As a child, I loved having stories read out to me by my father. Often it would be about Tarzan (with jungle calls accompanying the reading!), but just as often, they would be stories from the Panchatantra, or Brer Rabbit and the Tar Baby, and of course, stories he would make up.
When I read Adrian Pinder’s beautiful book, The Tiger of the River, illustrated by Maya Ramaswamy, memories of the joy my father reading to me would bring to my heart, surfaced.
It starts simply:
“All life on Earth needs water to survive and grow. Without water, there would be no trees, no animals and no people... it is difficult for humans to see beneath the water, but in the river lives a very special fish called the mahseer.”
Pinder had 74-year-old me hooked from the very first page. And Maya’s gentle line and wash paintings put me right there in the jungle, with her elephants, otters, leopards, frogs and crocodiles.
The story unfolds in a rush with a cast of characters that included langurs playing without a care in the monsoon-rich Kaveri river valley and moves quickly to its hero Matisha, a little fish no larger than a grain of rice!
I could almost hear my father’s hushed voice rising to a crescendo: “But there were many dangers in these waters. Bigger fish and hungry birds saw the little fish as the perfect size for a tasty snack… Matisha grew and grew and grew!”
Written for children aged six and above, the readers, or listeners as the case might be, learn that Matisha was a mahseer… the tiger of the river. The text paints images too – of elephants wading into the river; of explosives used by fisherfolk (which a terrified Matisha mercifully survived); tips on how to escape from crocodiles; birds as small as kingfishers and giant birds like eagles; and otters that lived above water but hunted below.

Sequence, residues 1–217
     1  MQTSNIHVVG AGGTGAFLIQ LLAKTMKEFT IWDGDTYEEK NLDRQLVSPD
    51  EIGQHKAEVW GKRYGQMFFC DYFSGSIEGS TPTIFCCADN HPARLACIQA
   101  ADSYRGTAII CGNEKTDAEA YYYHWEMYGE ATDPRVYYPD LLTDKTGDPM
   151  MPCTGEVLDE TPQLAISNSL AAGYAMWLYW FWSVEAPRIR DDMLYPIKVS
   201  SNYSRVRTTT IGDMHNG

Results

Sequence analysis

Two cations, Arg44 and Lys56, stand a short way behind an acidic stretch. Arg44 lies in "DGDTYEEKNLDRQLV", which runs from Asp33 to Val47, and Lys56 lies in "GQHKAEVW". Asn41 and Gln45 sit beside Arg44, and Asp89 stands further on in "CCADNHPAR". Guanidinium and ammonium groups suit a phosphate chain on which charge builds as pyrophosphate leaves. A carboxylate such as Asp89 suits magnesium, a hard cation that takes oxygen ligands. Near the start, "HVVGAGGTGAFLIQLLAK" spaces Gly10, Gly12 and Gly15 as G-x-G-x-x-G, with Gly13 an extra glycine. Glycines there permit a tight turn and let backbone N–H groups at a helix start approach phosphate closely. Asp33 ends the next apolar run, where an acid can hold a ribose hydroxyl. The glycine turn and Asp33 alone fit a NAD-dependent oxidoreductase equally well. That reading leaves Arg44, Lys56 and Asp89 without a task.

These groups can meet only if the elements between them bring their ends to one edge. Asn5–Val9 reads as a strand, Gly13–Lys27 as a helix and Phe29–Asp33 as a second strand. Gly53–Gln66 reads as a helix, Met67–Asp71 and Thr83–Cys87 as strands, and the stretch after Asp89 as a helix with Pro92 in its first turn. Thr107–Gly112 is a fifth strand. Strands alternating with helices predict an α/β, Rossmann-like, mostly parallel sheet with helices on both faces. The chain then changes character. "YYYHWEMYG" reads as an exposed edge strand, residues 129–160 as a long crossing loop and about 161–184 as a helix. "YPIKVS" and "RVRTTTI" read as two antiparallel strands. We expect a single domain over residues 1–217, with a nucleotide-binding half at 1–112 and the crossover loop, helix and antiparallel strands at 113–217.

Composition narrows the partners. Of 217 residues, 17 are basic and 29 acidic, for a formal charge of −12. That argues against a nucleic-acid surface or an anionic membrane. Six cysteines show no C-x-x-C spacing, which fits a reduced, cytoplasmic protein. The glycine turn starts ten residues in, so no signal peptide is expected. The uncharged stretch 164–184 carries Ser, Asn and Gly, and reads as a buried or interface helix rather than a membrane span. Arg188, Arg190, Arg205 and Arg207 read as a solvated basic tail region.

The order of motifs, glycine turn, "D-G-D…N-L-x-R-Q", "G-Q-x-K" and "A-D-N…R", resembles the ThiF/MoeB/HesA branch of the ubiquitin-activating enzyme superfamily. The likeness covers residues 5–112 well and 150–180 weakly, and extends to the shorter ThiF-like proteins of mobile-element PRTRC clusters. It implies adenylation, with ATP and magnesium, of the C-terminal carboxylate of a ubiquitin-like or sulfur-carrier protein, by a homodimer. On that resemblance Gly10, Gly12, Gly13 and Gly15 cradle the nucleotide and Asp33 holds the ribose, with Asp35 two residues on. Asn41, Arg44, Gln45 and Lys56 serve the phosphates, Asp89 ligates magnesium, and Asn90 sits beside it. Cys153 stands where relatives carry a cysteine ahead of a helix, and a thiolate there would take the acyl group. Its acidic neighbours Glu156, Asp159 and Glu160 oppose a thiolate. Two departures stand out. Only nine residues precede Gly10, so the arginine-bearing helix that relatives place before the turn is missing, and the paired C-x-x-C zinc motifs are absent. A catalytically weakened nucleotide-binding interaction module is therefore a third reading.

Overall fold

Every parent should seek out books such as this. There is no better way to inform our young about the world around them than through stories that help them to understand and fall in love with the magical world in which they live. I took less than 30 minutes to read the book but found myself lingering here and there as Matisha navigated polluted waters, swam rapids, experienced rainbow-decorated waterfalls, and more.
And the book contains games too, that help Matisha to navigate her river after many adventures so that she can lay her precious eggs when she grows old enough to do so.
Such stories and such books will prepare our children to live in peace and harmony with the wild and wonderful world in which we are so lucky to live!
Reviewed by Bittu Sahgal